Roads, railways, airports, water distribution, electricity transmission, building schools and hospitals: in most countries, you will find hundreds of active infrastructure projects in planning, construction or operation. With billions of dollars of public and private funds invested in these projects every year, estimates suggest that between 10 and 30% of that investment is lost due to inefficiency, mismanagement, and corruption. CoST — the Infrastructure Transparency Initiative — has been working over the last six years to place on the spotlight on infrastructure projects, developing a model of transparency and oversight based around country-level multi-stakeholder groups committed to improving disclosure and monitoring around projects.
In the past, monitoring infrastructure projects has been a document-driven process, periodically gathering information on a handful of the active projects, and carrying out review and validation activities to produce a report on each project. More recently, several countries including Guatemala, Honduras, Malawi and Costa Rica have introduced legal reforms that mandate disclosure based on the CoST Infrastructure Data Standard that has led to the publication of data on almost 7,500 infrastructure projects in the last twelve months. Now, with the rise of data-enabled accountability, CoST and the Open Contracting Partnership are exploring how infrastructure scrutiny can further scale up and support these reforms.
Take SISOCS for example: the platform created in Honduras that now hosts data on hundreds of transport and other infrastructure projects. Backed by legal reforms that mandate disclosure, the platform is regularly updated by government agencies with project and contract details as well as original documents related to their infrastructure projects, and capturing detailed data points on contract values, locations, and suppliers. In Ukraine, the national CoST Secretariat has created a similar platform, replacing spreadsheet-based reporting with a central online tool.
At present, both platforms require direct entry of information on each of the contracts related to an infrastructure project, potentially duplicating data in national e-procurement systems. But, through the use of the Open Contracting Data Standard, it should become possible to directly import information on tender, award and contract stages. By adding links to government finance systems and, where useful, creating infrastructure information portals, there is the further possibility of leveraging existing data to see the whole contracting process.
Making the link between procurement and project monitoring systems has another benefit: it can support checks on compliance with project-level reporting requirements. For example, if the procurement data from a ministry of roads shows 250 high-value contracts for construction, but only 200 are recorded on an information platform, this might highlight a compliance gap. Producing reports of this sort will require a clear approach to linking contracts and projects within procurement and monitoring systems, and this will be a key focus of the upcoming Open Contracting Partnership/CoST collaboration.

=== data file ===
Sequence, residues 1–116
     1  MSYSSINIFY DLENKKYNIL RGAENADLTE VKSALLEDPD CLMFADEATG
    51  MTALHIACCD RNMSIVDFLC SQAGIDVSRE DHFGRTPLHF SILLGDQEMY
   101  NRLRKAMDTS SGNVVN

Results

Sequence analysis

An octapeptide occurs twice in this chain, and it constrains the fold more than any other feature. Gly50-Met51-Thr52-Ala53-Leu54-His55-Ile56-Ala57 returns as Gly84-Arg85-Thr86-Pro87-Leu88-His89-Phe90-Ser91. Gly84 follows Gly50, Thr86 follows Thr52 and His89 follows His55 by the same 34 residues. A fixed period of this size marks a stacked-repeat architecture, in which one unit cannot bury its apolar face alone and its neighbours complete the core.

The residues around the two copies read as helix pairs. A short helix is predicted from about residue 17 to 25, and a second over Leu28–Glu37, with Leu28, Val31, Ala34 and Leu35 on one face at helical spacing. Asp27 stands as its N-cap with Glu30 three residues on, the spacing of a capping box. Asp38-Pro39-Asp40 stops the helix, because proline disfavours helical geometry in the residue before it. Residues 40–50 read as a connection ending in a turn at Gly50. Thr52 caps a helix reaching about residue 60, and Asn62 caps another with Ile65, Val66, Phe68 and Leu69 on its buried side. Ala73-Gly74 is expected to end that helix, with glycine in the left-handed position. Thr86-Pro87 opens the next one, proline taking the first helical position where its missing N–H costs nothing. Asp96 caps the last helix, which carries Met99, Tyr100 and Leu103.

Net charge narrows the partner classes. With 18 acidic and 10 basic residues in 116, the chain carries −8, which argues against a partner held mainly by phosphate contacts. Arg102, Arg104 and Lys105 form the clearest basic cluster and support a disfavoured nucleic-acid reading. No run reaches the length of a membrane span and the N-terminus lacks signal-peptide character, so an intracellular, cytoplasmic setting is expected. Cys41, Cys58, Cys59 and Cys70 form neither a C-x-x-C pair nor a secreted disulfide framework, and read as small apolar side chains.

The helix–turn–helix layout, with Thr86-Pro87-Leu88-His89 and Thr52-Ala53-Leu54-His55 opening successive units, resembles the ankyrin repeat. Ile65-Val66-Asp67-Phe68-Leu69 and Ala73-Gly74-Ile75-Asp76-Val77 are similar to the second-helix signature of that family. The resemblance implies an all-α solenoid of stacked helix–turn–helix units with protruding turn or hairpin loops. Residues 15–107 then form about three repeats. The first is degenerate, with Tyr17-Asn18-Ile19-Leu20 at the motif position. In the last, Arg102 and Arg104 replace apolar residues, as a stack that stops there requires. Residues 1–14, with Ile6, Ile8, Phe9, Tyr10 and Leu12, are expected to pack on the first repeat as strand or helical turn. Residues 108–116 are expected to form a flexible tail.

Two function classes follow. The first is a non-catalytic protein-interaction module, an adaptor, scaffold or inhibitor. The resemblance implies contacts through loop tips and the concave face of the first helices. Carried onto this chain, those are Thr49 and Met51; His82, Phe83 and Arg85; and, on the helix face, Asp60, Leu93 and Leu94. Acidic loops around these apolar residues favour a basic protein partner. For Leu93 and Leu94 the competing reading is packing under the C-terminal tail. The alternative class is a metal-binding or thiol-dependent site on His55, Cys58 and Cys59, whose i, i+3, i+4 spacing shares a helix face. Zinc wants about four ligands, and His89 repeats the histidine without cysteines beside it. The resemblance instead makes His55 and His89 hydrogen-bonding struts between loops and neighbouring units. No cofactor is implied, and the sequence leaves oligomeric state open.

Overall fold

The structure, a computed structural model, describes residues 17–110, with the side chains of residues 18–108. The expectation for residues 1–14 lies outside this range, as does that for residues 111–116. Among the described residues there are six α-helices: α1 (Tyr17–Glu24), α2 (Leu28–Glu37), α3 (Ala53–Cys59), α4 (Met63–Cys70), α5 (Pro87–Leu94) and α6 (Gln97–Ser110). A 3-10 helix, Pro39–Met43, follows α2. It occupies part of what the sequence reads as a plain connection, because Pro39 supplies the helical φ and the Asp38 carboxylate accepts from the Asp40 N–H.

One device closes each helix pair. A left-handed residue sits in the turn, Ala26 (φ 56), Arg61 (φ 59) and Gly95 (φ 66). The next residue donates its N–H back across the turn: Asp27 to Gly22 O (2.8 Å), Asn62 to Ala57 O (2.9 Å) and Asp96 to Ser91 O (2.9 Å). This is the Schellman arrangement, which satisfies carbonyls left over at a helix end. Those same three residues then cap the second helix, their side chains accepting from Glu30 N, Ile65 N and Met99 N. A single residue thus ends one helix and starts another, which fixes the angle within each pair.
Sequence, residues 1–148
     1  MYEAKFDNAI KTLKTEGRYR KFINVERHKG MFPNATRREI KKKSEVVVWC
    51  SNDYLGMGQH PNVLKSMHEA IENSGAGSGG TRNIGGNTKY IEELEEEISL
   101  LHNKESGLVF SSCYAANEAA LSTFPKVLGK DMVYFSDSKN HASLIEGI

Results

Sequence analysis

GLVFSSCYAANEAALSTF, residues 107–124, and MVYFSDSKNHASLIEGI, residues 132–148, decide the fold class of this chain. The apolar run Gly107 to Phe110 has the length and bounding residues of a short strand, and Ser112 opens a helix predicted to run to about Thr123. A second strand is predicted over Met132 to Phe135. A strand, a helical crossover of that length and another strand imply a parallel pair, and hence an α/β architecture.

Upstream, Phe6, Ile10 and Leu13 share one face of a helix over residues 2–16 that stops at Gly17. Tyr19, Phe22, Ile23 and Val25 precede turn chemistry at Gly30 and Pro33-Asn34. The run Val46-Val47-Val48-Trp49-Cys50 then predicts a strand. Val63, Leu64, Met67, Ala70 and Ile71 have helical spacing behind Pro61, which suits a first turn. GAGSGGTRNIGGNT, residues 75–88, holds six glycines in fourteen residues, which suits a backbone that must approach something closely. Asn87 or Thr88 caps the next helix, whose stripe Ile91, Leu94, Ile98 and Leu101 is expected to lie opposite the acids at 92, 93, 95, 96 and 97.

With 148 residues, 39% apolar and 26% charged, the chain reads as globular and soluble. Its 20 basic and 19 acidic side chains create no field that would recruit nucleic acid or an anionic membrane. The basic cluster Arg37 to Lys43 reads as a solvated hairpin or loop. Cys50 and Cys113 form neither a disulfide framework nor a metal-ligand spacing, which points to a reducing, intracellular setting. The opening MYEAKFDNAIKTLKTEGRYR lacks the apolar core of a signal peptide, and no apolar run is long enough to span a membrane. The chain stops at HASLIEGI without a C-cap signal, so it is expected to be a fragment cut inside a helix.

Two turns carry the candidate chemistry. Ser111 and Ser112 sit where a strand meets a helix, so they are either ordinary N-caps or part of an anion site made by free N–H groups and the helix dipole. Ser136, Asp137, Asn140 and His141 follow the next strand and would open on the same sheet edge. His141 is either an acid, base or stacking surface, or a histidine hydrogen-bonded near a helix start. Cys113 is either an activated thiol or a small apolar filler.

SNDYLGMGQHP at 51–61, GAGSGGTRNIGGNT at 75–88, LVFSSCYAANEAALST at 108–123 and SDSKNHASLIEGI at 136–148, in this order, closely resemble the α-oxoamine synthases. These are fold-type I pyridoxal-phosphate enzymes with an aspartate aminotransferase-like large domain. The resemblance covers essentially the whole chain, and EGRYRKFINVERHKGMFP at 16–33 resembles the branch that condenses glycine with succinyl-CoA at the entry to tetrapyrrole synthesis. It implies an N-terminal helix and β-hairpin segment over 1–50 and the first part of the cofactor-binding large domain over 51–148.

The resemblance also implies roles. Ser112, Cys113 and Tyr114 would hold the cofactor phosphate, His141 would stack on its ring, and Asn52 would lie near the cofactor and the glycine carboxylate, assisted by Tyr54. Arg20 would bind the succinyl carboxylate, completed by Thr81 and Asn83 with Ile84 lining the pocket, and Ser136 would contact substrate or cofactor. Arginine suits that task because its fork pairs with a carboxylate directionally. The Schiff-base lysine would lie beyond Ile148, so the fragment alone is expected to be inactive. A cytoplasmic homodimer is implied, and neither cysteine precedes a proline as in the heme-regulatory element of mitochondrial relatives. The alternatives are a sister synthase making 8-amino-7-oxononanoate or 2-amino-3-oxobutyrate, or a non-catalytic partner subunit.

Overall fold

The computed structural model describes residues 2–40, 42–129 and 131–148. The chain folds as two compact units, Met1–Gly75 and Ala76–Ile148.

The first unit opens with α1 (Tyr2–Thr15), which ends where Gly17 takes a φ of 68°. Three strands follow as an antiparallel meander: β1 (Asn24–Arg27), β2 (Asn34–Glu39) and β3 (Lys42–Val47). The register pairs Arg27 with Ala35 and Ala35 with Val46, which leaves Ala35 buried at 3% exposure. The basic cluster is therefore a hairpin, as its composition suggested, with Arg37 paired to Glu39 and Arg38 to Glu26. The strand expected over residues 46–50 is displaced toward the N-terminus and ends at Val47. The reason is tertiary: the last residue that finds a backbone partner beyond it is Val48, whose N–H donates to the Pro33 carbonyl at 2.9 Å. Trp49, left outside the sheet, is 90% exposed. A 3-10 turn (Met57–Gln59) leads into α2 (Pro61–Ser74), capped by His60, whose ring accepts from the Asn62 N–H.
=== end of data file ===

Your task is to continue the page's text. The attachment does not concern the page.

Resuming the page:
By connecting infrastructure project-level information, with information on individual contracts, we are also able to better explore the whole cycle from planning through to the final close of contracts. In many construction and infrastructure projects, contractors provide guarantees that may last many years after construction is complete. In many of the sources of contracting data we’ve worked with to date, the updates end when the award is made, or when the last payment against a contract is processed. Linking procurement and infrastructure monitoring platforms gives us a view of every stage.
The shift from document-driven to data-driven oversight is not just a change in scale. We anticipate it also involves a shift in the emphasis of reporting, with impacts on how the CoST Infrastructure Data Standard might be implemented. For example, whilst a document-driven process might periodically review contract changes, and provide a narrative justification — in a data-driven process drawing on live systems variations could be captured on a week-by-week basis, yet without detailed justifications. Instead of producing deep and detailed narrative reports on a handful of projects, a data-driven approach may provide an overview of hundreds of projects, enabling selection of a targeted few for the deep-dive exploration.
Yet, as experience from Honduras shows, a move to data-driven analysis doesn’t mean we forget documents. Although the monitors and analysts at CoST Honduras relish detailed data to work with — civil society monitors want to see contract texts. One of the most popular features of SISOCS with local users is the ‘evidence’ tab, providing downloadable copies all the reports, assessments and updates on the projects local to them.
Over the next few months, CoST and OCP will be sharing more on a joint work plan to create updated standards and guidance for putting open contracting for infrastructure into practice.
Photo: Willie Heinz, 2004 (IDB). Laying down fiber optic cable. Honduras